had to go back on stage. Norman's favorite place in
the theater was the cat walk high above the stage.
That's where he'd watched the end of the show when
Grizabella ascends on a giant tire to the heavy side
layer the equivalent of cat Heaven, at least I think
that's what it is. That's actually the first time I

(16:28):
had an encounter with Tim Scott, because that was where
he would make his big entrance for his big number
as Mr Mustapoles. He was lowered on a rope from
that same cat walk. For a long period of time,
he didn't even register that I was up there with him.
And then one night he turned and looked at me,
and I looked back at him, and there was this long,

(16:50):
meaningful moment. Tim may have been dressed as a cat
with lots of cat makeup, but Norman was spellbound. He
had very intense eyes. He was kind of otherworldly looking.
I was much taller than him. Norman was six one,
Tim seven. We looked a little bit like Mutt and Jeff.

(17:12):
Some days later, after the show, Norman and his sister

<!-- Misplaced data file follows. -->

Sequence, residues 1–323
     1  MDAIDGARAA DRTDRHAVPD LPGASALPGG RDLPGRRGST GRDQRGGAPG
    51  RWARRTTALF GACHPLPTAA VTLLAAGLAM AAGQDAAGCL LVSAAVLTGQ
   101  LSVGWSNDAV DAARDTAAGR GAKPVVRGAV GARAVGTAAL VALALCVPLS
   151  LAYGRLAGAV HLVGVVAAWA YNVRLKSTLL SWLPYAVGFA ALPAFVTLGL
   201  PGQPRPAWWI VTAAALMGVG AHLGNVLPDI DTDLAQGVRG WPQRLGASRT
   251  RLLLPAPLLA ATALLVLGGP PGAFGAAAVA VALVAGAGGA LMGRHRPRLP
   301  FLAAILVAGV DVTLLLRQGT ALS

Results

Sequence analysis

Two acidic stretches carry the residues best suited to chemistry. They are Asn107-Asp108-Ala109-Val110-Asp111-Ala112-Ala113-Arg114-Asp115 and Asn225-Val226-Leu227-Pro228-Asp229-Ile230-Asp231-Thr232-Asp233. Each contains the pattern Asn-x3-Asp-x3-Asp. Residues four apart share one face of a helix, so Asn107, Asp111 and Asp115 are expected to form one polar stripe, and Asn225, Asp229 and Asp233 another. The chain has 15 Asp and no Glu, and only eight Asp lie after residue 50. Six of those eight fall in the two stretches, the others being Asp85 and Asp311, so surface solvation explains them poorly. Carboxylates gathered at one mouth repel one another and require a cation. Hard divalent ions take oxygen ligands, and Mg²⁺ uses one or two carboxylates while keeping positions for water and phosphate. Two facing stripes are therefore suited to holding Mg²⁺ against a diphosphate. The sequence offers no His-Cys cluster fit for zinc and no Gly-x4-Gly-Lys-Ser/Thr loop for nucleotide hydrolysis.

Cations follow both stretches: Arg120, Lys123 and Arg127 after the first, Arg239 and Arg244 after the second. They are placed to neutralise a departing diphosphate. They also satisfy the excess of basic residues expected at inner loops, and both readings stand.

Betty shared a big Checker taxi cab with Tim. During
the ride, Norman and Tim experienced another wordless moment of connection.
This was a much more profound encounter. At that moment,
I thought, oh, this person is going to be significant
in your life. You really thought that there very much,

(17:35):
so I can remember it as though it happened yesterday.
I looked at him, I took him in, he was
taking me in, and I thought, this is it. The
very next night, Norman mustered his courage and stood in
the doorway of Tim's dressing room at intermission, and I said,
do you want to have dinner, and he said, yes,
it was like great, and that was it? Is that

(17:58):
the kind of thing you could have imagined your self
doing even six months before. I can't even imagine myself
doing that now. So it's I think I met him
the next night on the corner. I still didn't want
to tell my sister that I was seeing somebody in
her show. Norman says. The chemistry was instant. Was he funny,

(18:18):
very funny. He had a great sense of humor. I
laughed a lot his jokes. It's got to be at
least one laugher in the relationship. But Betty was concerned.
In New York City, the whole gay scene in the nighties,
you know, was wild, and I was terrified for him.